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Replacing a vintage cantilevered deck: attaching the ledger board

zj37's picture

Hi there,

I hate being the guy that signs up for a forum and posts immediately, but I can't find a solid answer anywhere.  For what it's worth, I am a member over at Fine Woodworking, and my Dad's been a FH subscriber for decades.  Anyway...

I recently bought a 1960 split level in Seattle, with a deck that spans the entire back of the house. The deck framing is original, and the joists are in pretty bad shape. Several rotted, were sistered, and rotted again.  It varies between 6 and 8 feet in depth, and there are posts below the front edge (the backyard side). The attachment to the house appears to be cantilvered floor joists extending from under my living room/kitchen/bedroom. This is what is causing me trouble. (The joists are untreated 2x10's, fwiw)

My plan is to cut off the deck, remove the siding from the bottom of the joists to the top of the decking, then flush cut the joists to the sheathing. I would then lag bolt a ledger board to the wall, but I'm a little nervous about doing that. It seems that I would have to either bolt into the endgrain of the 60 year old, possibly dicey floor joists (some of the deck joists show rot, remember), or into the blocking that I assume is toenailed between each of those joists. Without ripping off all of the siding and pulling the sheathing off, I can't be certain what is under there. Anyone have any ideas?

Thanks, Zak

You have to open it up to (post #214943, reply #1 of 8)

You have to open it up to know what's there! And you wont know if the endgrain is rotten until you cut the joist down. This is one of those issues that can't be answered until you start the work.

Do you intend to cantilever the deck like it was before or will you support the new joists with posts to grade?

Thanks for the reply. The new (post #214943, reply #2 of 8)

Thanks for the reply. The new deck will be supported on the outside by posts to grade, and the house side will have a ledger board with joist hangers attached.

this may not be easy... (post #214943, reply #3 of 8)

Bolting into the end grain is a no go anytime. There are fasteners [simpson?] that go back and attach around the joist  itself then bolt to the ledger.. 

Better yet don't fasten to the house at all but use posts or piers against the house side as well. Space all parts of the deck with a bit of a space between the house and the whole thing will last longer, decks fastened to the house are prime spots for decay unless done very well

If you do attach a ledger to the house the flashing/standoff details are crucial or you could wind up with rot, some more.

I'm surprised the cantilever lasted this long. Hopefully you won't find a real disaster when you lookin there but don't be surprised. Using regular joists cantilevered to support a deck is mostly poor practice. Maybe entirely poor practice.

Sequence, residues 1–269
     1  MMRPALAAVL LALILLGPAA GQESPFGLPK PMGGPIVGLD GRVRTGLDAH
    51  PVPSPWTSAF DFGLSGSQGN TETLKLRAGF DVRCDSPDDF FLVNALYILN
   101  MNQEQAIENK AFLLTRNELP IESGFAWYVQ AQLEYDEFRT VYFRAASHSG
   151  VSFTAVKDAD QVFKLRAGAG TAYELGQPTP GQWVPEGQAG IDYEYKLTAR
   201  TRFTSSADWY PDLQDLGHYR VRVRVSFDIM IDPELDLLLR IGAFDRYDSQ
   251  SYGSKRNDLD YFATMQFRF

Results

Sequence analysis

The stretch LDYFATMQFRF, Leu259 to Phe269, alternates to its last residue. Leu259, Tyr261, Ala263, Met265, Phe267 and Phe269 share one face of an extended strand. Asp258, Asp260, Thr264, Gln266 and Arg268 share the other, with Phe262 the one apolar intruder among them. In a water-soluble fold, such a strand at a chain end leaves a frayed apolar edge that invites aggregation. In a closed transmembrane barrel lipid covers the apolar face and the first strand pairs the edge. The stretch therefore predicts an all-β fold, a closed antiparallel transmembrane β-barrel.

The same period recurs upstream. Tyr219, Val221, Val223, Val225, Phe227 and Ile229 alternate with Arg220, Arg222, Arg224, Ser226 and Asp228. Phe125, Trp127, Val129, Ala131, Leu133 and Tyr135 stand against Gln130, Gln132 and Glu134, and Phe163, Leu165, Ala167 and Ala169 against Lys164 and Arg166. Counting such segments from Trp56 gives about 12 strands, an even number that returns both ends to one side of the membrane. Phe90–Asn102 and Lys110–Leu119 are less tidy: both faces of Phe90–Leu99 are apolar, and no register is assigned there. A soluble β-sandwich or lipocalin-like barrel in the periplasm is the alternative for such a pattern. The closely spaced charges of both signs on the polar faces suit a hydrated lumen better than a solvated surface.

If you don't have a good bit of experience you really, really need to do your home work here. Besides more decay there is the part about loaded decks and gravity. Got codes there? Whole 'nother can 'o worms...


Definitely more good advice. (post #214943, reply #7 of 8)

Definitely more good advice. I'd been considering making the deck freestanding, but there are a ridiculous amount of doors on the back of the house.  3 eight foot wide sliders upstairs, and one 8 footer and 2 swing doors downstairs.  How much space do you stand off of the side of the house if it is freestanding?  Also finding correct spacing for the posts against the could be interesting when dealing with the doors (and windows.)

Note that support posts don't (post #214943, reply #8 of 8)

Note that support posts don't have to be flush with the house -- they can sit 3-4 feet out.

Of all the preposterous assumptions of humanity over humanity, nothing exceeds most of the criticisms made on the habits of the poor by the well-housed, well-warmed, and well-fed.  --Herman Melville

If the joists are sound you (post #214943, reply #4 of 8)

If the joists are sound you can use upside-down joist hangers to attach the ledger.

However, you might want to consider attaching the ledger BELOW the level of the deck, lagging it to the studs and top plate that are supporting the joist.  Then set your joists on top of the ledger or rest a second ledger with joist hangers on the one you just attached.

Of all the preposterous assumptions of humanity over humanity, nothing exceeds most of the criticisms made on the habits of the poor by the well-housed, well-warmed, and well-fed.  --Herman Melville

We don't attach decks to (post #214943, reply #5 of 8)

We don't attach decks to houses any more at all. We set posts next to the house and build the deck off that. Much stronger, easier and less prone to rot next to the house.

Florida Licensed Building Contractor, 50 years experience in commercial remodeling, new homes, home remodeling and repairs and all types building maintenance.

freestanding (post #214943, reply #6 of 8)

freestanding is the way to go...especially in your case where you don't have any structure (currently) to attach a ledger board to.